Given the slower than expected pace of the Ukrainian counteroffensive, the most probable scenario for the coming months seems to be the neutral scenario that is a continuation of the conflict in its current trajectory: with occasional tactical advances of either of the sides, yet little signs of a significant change in the overall conflict dynamic.
The preferable for the West scenario of ending the war is the quickest possible Ukrainian victory. In this case the Western states do not have to bear the rising indirect costs of the conflict and to compromise their long-term strategic interests.
Success of this scenario is largely dependent on factors outside of control of the Western countries. Yet a number of measures can be undertaken by the West to accelerate it. First of all, by increasing the scale and scope of their support for Ukraine. Given the high indirect costs of war (mainly rise of energy prices and inflation rate), the intensified military support for Ukraine is likely a cheaper alternative in total costs than the prolongation of the conflict.
In order for the West to be prepared for the challenges that will arise with the end of the war, appropriate considerations and planning should already take place. Policy towards Ukraine should not only focus on how to win the war, but also include support for the necessary reforms and setting conditionalities which will ensure the implementation of the reforms.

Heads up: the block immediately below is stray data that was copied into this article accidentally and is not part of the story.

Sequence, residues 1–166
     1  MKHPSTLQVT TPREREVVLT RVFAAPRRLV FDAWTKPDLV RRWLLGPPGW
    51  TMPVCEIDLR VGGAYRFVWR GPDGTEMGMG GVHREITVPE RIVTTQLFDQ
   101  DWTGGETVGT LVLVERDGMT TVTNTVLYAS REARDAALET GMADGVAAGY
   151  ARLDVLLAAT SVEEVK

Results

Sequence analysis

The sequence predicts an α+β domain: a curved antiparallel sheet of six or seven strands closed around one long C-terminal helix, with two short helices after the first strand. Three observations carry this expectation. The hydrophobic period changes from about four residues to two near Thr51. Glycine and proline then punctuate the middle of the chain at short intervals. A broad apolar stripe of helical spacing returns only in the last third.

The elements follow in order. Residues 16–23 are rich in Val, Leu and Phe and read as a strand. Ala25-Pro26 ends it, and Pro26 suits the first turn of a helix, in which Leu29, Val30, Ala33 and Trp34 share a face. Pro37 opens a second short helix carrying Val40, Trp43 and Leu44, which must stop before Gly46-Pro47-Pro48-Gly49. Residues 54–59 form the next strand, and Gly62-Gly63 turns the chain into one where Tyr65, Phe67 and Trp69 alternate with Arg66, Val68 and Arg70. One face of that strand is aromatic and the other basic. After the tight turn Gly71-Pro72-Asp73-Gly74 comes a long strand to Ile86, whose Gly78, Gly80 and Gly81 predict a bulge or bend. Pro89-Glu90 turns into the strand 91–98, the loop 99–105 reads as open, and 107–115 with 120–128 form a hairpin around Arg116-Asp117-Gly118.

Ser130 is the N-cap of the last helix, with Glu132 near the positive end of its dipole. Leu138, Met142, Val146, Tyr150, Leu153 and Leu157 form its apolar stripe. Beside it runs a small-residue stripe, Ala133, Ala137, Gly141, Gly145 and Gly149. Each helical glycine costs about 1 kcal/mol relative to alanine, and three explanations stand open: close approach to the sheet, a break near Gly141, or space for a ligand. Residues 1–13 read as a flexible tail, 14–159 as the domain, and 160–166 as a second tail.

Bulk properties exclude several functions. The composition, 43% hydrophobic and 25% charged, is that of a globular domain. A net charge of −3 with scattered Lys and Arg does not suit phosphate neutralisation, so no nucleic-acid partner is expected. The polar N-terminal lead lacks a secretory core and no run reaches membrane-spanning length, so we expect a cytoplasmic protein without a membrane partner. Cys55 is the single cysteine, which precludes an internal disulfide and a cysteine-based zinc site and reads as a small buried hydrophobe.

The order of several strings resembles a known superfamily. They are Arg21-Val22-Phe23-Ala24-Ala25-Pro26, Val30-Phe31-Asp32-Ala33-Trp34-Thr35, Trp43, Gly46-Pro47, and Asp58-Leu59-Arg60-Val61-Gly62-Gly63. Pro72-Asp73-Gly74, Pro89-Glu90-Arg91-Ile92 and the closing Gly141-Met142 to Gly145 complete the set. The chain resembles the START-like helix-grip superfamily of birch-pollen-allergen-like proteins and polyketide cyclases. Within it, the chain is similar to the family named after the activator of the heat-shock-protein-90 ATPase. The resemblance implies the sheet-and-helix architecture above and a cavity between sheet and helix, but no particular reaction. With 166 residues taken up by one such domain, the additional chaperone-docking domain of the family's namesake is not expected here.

The post-conflict policy towards Russia should be largely dependent on the state of the Russian Federation after the end of the war. In case Russia remains autocratic, the first priority should be given to the measures preventing it from aggressive policy towards the EU, NATO, and their partners. In case of a regime change in Russia and the beginning of its democratization, the support should focus on the reform process and democratization and liberalization of the Russian state and society.
Author: Józef Lang – Director of the WEI Office in Kyiv. In the past, analyst (Senior Fellow) at the Center for Eastern Studies (OSW), author of numerous reports and analyzes in Polish, European and American think tanks. Lang has many years of experience in working in Ukraine as an analyst, and later as a coordinator of the trend analysis cell in the Head Office of the OSCE Special Monitoring Mission in Ukraine. After the full-scale Russian invasion of Ukraine in 2022, Lang became involved in humanitarian aid to Ukraine as the head of the mission of the Solidarity Fund PL in Lviv. Currently he is involved in a several projects aimed at supporting Ukraine.
Public task financed by the Ministry of Foreign Affairs of the Republic of Poland within the grant competition “Public Diplomacy 2023".
The opinions expressed in this publication are those of the authors and do not reflect the views of the official positions of the Ministry of Foreign Affairs of the Republic of Poland.”